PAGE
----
The Gulf’s fastest camels braced against sandy winds on Wednesday in the grand finals of the camel race season.
It was the last race for tribesmen in the seasonal calendar. Thursday will be the finals in the sheikh category, and the last races of the season. These races mark the end of the Al Marmoom Heritage Festival Final, which began April first.
Camel race season runs from September through April, with a break in the summer months when temperatures can reach 50°C.
The finals at Dubai’s Marmoom track are believed to be the largest of the season, with more than 16,000 camels competing for prizing totalling Dh153 million. There 23 races for camels of all ages.
Wednesday’s racers were ages six and above, the age that camels are mature. They competing for three covered Emirates swords. On Thursday, two swords with sheaths plated in 22-karat gold will be presented to the top camels owned by sheikhs.
As is the case with camel racers, the grandstands remained fairly empty until the end of the day with Saudi, Omani and Emirati owners preferring to race their luxury vehicles beside the racetrack to communicate with their camels via walkie-talkie remote-control robot jockeys.
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A special section for VVIP drivers was designated beside the racetrack so that these camel kingpins could start the race with a closer view of their valued beasts.
In these finals, camels do not need to have prior qualifications yet no owner would consider entering a sub-par athlete when all of the Gulf are here to watch — if not in person, then at least on TV.
In the grandstands, camel breeder Saeed Khalfan had driven from Salalah “just to watch”.
“These camels will do eight kilometres in 12 minutes and 30 seconds,” he said. “But come tomorrow. The sheikh’s camels will do eight kilometres in 12 minutes flat.”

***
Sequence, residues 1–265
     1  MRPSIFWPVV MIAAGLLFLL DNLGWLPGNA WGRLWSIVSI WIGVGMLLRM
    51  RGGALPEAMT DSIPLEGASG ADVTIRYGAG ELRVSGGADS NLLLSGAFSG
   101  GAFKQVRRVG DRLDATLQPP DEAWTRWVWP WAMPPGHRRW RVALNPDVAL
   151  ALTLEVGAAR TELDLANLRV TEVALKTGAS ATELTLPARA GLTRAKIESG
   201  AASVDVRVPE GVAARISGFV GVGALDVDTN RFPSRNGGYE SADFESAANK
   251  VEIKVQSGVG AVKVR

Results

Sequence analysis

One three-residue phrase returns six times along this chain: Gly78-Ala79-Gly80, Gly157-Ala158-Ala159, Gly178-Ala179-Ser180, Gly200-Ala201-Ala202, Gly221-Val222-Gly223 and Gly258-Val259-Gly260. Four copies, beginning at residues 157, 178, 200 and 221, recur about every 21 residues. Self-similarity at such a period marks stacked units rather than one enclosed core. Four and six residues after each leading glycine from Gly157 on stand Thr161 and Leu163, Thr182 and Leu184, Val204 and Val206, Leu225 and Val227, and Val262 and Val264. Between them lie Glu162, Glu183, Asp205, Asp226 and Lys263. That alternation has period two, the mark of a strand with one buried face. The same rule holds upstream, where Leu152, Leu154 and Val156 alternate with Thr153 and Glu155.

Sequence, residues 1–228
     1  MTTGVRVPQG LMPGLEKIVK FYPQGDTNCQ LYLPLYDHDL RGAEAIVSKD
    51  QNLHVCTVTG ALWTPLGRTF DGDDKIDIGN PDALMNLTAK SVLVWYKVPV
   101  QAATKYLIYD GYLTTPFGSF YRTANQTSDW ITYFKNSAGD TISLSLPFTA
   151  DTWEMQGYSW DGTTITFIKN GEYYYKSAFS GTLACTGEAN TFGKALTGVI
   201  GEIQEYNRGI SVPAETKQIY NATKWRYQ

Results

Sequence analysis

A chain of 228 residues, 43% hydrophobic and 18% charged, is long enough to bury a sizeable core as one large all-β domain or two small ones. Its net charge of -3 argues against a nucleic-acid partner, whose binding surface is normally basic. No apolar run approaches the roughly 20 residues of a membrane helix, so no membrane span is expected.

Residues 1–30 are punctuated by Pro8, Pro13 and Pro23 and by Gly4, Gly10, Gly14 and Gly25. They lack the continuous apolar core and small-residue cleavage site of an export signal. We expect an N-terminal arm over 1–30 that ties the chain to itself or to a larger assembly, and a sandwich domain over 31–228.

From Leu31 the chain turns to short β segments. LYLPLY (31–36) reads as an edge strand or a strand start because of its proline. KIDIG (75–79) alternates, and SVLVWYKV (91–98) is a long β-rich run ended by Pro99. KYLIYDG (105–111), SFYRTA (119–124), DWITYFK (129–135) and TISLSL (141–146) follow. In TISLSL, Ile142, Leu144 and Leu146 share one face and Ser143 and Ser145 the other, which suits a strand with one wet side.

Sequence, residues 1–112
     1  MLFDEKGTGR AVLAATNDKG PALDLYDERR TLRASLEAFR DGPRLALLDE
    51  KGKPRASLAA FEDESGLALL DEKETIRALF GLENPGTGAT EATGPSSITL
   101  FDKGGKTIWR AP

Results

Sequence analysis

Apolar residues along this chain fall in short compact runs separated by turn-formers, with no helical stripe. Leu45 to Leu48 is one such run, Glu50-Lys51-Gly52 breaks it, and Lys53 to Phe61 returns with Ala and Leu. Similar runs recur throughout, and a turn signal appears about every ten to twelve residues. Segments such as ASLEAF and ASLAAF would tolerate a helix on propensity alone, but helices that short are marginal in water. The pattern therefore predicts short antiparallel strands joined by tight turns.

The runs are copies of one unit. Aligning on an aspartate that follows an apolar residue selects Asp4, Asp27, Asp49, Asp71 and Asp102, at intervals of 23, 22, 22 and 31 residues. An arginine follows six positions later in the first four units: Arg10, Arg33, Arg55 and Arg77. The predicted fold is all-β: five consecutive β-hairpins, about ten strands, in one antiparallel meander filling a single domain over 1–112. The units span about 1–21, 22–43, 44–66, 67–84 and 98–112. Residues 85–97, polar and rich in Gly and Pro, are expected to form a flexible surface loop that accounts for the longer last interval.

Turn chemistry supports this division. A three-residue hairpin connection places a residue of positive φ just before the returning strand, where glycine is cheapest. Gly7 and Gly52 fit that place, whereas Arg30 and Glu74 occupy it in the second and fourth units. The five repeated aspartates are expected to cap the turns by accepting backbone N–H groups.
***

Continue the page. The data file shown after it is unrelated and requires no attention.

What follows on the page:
Omanis may be the biggest winners at this competition.
Parked among the white Land Cruisers and Range Rovers in his dusty saloon car was Sultan Al Jinaibi, from the southern deserts of Oman’s Al Sharqiya. The people of his region are renowned across the Gulf for breeding swift camels. Mr Al Jinaibi brought 13 camels to Marmoom in hopes of a sale that could be worth several months income.
“Look, my area is not a place for businessmen,” said Mr Al Jinaibi, who is 34. “We’ve got two types, the sea people and the desert people. From when we are young, we live with the camels.”
For the young men of Al Sharqiya, becoming a breeder in the UAE can translate into wealth and prominence. Even in the region’s wadis, people know the names of famous trainers who have made their wealth at races like these.
Trainers are given a share of the prize as a salary bonus. Prizes at Marmoom included cash, swords and saddlebags and 304 luxury 4x4s including Range Rovers, Nissans and Fords. The better the race, the better the vehicles on offer.
This draws men from a young age. Also on the sidelines was Saeed, 22, who had come to support the eight-year-old camel Zafrana (Saffron) and seven-year-old Nashara (Hot weather). Saeed has already worked part time in the UAE for eight years, and divides his time between Al Sharqiya and Al Ain, spending three months at a time in each. “We race our camels in Oman when they’re young and when they’re mature we bring them here,” he said.
Saeed was parked in a 4x4 filled with other young Omanis his age. All plan to earn through these races.
Parked nearby at the starting line were three buses for visitors who felt less confident driving among the dozens of cars that lined the racetrack. The slow pace of a running camel made for easy driving, said bus-driver Mohammed Akhtar. “They don’t speed too much, only 35 or 40 maximum.”
The six rounds on Wednesday afternoon had prizes exceeding Dh10 million. Prize money for each round with male camels was worth Dh1.5million. Prize money for each rounds with female camels, who are faster, was worth Dh2million.
This year’s grand winner went to Saleh Bin Nassra, who one the best overall with 15 points for wins during the championship rounds. He credited his star six-year-old camel, Baynounah, who he bought from an Al Dhafra breeder.
“We spent a lot of time preparing our camels, to chose our camels and buy the best camel from the start this season,” said Mr Bin Nassra, who is from Al Ain.
He also credited Meyasa, a third-generation descendant of the legendary camel Meyas.
Thursday’s races are open to the public at the Marmoom racetrack in Dubai. The afternoon session will run from 2pm until 3.30pm.